E_WP3: Unified Detection Localization and Classification DLC in complex environments

The aim of this work package is to understand and model difficult and complex environments. Traditional algorithms for detection, classification or identification are based on simplistic models of noise, clutter or multipath. Most of them therefore fail to achieve useful or meaningful results. We aim to develop realistic physical based models for the full sensing chain from the sensors themselves to the complex interaction with clutter/target and propagation into the environment. A physical understanding of the clutter rather than ad-hoc and simple statistical models will help to develop new DLC algorithms with optimal performances with reduced computational power as well as in-situ environment adaptability for greater robustness.

E_WP 3.1 Estimating targets in scenarios with spatio-temporally correlated clutter

So far target tracking algorithms rely on a Poisson clutter, spatially uniform and uncorrelated. If this assumption simplifies greatly tracking algorithms, they do not reflect realistic environments. New algorithms are needed to estimate multi-targets in complex and realistic cluttered environment.

E_WP 3.2 Physical Modelling for DLC

Explicit physical model for target and clutter and development of adaptive algorithms for detection. classification and identification.

E_WP 3.3 Man-made object detection

With the introduction of IEDs, new algorithms need to work with no prior target models. Clutter rejection then become a key issue for man-made object detection.

This work relates to Dstl technical challenge #8 (Maximising Information Capture from LiDAR returns) and challenge #12 (Signal Processing Algorithms and Techniques to Manage Noisy 3D point clouds). In particular, we address the following problem: "How best to process Multi-Spectral full-waveform LiDar (MSL) data and resulting λ-D spectral point cloud, sensed using ground based/aerial LiDAR sensors to improve situational awareness?"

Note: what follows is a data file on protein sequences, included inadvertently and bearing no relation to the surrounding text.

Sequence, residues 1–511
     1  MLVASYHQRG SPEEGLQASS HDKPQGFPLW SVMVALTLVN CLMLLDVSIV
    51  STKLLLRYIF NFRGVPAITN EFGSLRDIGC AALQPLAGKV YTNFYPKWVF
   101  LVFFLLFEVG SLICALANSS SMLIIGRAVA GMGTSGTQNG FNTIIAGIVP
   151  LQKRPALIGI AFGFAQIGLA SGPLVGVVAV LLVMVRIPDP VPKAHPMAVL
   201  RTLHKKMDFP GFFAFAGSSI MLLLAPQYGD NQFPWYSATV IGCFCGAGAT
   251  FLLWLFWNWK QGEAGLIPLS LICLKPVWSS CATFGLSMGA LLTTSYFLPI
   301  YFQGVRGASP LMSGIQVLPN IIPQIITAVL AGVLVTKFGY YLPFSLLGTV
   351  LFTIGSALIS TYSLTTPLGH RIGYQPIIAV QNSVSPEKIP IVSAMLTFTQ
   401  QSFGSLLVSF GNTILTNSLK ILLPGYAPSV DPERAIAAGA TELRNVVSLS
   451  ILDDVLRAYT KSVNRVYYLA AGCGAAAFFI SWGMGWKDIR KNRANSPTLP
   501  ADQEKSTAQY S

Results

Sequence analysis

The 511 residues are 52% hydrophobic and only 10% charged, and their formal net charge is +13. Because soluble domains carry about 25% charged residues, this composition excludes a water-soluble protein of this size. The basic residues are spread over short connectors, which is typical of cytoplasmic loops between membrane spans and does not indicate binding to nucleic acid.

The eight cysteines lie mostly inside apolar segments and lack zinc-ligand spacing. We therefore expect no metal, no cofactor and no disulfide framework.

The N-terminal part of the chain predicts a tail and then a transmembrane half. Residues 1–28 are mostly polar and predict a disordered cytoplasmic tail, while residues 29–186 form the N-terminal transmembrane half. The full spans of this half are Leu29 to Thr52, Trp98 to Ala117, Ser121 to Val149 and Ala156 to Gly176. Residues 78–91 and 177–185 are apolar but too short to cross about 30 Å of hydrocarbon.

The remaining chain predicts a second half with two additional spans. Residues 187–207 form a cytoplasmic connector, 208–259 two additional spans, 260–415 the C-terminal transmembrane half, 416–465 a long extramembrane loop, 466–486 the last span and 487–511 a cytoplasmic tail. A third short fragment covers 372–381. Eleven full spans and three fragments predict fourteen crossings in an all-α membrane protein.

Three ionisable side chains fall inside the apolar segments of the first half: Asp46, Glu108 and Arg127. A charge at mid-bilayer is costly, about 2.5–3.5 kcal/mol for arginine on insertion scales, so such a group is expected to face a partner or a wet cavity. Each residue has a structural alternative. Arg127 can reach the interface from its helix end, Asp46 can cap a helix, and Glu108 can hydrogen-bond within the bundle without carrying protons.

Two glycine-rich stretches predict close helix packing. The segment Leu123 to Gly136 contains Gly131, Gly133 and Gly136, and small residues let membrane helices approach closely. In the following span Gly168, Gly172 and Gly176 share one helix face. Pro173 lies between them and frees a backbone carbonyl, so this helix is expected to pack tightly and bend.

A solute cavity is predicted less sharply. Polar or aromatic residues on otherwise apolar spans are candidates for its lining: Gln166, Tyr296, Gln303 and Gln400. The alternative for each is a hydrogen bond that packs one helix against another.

Recent work in Edinburgh has focussed on both large and small foot-print sensing using active multi-spectral LiDARs (MSLs) to retrieve structural and physiological properties of vegetation. In this work, we consider how Anomaly Detection (AD) and Automatic Target Recognition (ATR) scenarios can benefit from spectrally enhanced LiDAR sensors in complex and cluttered environments, for example, a land based scenario, the detection of targets hidden and camouflaged under dense foliage or a bathymetric scenarios looking for objects of interests afloat a shore or in shallow waters.

The issue of how to allocate computational resources in such multi-sensor systems will be considered in conjunction with E_WP6.3. These ideas could be used to assess and detect potential threats from the point of view of the land vehicle, with reference to mapping data where available.

This on-going work outlines an efficient target localisation and recognition framework that operates over large distances and provides robust foliage penetration in cluttered urban and forest environments. We enhance traditional discrete return LiDAR sensors to Multi-Spectral full-waveform LiDAR (MSL) sensors that measure the intensity of light reflected from objects continuously over a period of time across several bands in the EM spectrum.

When operating over large urban/forest environment we aim to detect anomalies in the signal domain and process the Full-Waveform (FW) backscatter. Once such anomalies are localised we perform a dense scan on the region using small-footprint LiDAR scan in order to generate a dense point cloud and perform object classification.

Figure 1: (A) Once the object is localised a dense scan is carried out to get dense point cloud. In (B) we show a rendered forest scene and range image in (C) with man-made objects (buildings and two T-90 tanks).

Figure 2: Anomalies are a function of reflectance (β), wavelength (λ) and range (m). Here we aim to detect a man-made object (target) hidden behind dense foliage. In the above illustration, we hid a T-90 underneath a conifer tree.

Figure 3: Comparison using confusion matrix and F1 score between Local Regional Histograms (Left) against robust Spin Images (right). We show some object exemplars used in the study.

Noise Example
Noise Example
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